Ghana’s fintech industry observes International Day of Family Remittance
Fintech industry players in Ghana have observed this year’s International Day of Family Remittance with a forum to discuss how to use fintech to drive the country’s economic growth, post-COVID.
The day is set aside to recognise the contribution of over 200 million migrant workers to improve the lives of their 800 million family members back home, and to create a future of hope for their children.
Held on the theme: “Recovery and Resilience Through Digital and Financial Inclusion”, the forum was attended by government officials including the Minister of Communication and Digitalization, Ursula Owusu-Ekuful and the Western Regional Minister, Darko Mensah, Representatives from United Nation and local fintech companies.
Panel discussion sessions hosted by CEO of Zeepay, Andrew Takyi-Appiah, Clara Arthur, a Digital Financial Service Sector specialist with CGAP and Leticia Brown, a Sustainable Development Goals Specialist which centered on Intra-African Migration, Saving and Micro Insurance and Digital Disruption Post Covid-19 shared insight into how $420 Billion worth of remittances were received into Sub-Saharan Africa in 2020 alone, outstripping foreign direct investments and overseas development aid combined to the region.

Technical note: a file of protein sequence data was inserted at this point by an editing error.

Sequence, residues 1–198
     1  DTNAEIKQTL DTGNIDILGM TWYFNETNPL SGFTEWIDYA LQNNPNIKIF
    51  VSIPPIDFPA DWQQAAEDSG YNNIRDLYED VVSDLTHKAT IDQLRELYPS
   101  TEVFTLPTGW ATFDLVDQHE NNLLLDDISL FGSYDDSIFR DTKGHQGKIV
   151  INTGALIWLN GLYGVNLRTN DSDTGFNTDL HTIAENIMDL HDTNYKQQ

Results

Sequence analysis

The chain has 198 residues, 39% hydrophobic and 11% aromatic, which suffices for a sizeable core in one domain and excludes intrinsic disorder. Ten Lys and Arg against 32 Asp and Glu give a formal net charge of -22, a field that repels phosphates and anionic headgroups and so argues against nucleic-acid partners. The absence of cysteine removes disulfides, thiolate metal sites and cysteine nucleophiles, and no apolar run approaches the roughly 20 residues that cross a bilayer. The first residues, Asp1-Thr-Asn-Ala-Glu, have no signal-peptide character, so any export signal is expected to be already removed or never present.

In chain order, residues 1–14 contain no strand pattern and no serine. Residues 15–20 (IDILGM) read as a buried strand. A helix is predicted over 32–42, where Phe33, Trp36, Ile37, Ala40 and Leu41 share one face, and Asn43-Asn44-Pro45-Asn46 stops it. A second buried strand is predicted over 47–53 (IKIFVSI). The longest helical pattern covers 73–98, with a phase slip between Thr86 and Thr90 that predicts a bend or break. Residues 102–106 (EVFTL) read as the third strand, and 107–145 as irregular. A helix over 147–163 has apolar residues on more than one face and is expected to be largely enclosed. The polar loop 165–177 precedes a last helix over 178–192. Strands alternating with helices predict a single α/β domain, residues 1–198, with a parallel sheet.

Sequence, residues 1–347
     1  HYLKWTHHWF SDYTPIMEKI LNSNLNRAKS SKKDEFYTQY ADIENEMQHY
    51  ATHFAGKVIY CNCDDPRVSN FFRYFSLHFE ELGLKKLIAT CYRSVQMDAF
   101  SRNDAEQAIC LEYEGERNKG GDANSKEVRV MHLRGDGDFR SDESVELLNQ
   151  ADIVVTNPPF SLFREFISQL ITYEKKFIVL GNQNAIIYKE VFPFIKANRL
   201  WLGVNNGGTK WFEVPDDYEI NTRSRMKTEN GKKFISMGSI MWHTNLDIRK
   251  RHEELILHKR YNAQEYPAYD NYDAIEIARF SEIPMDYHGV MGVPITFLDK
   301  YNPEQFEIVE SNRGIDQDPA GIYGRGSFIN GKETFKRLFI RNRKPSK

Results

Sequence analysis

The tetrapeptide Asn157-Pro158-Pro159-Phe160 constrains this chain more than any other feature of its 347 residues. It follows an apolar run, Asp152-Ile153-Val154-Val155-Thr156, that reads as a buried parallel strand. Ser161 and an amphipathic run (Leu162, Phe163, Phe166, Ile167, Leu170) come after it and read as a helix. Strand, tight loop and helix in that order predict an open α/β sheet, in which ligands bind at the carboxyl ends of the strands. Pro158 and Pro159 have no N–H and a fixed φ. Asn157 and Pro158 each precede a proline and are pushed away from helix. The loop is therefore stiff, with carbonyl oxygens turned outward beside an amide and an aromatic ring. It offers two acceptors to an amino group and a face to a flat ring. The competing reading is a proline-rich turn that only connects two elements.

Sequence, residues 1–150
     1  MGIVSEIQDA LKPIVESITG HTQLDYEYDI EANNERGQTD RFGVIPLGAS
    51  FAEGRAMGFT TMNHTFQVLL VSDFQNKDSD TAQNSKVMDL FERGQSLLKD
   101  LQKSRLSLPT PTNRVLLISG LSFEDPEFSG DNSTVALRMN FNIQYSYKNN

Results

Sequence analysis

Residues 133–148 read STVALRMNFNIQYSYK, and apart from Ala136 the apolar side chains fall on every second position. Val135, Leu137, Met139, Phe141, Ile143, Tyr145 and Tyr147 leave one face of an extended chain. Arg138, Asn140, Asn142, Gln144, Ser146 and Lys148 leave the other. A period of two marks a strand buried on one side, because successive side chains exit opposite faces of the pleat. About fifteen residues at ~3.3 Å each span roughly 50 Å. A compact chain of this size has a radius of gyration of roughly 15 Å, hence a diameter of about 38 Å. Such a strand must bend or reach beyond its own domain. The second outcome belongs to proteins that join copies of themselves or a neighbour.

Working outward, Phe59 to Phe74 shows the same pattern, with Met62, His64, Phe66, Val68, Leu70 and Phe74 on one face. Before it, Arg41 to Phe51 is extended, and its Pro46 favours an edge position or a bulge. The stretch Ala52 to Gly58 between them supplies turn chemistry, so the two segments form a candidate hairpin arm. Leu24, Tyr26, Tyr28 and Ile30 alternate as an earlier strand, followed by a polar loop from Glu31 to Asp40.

Stalemate, Communications and Digitalization Minister, Ursula Owusu-Ekuful in a speech read on her behalf expressed the government commitment in ensuring a robust digital ecosystem that is geared towards financial inclusion in the country.
According to her, the remittances into Ghana in 2020 presented about 6% of GDP, making remittance the largest unsolicited foreign direct investment in Ghana and a major source of revenue for the government.
The International Day of Family Remittances was launched in 2015 to raise awareness of the contribution that migrant workers make to the economies of their home countries.
During 2020, despite the challenges caused by COVID-19, the total volume of remittances sent home by migrant workers fell by just 1.6%, a testament to their resilience and hard work.
This result was in contrast to a World Bank forecast in April 2020 that global remittances would decline by 20% in 2020.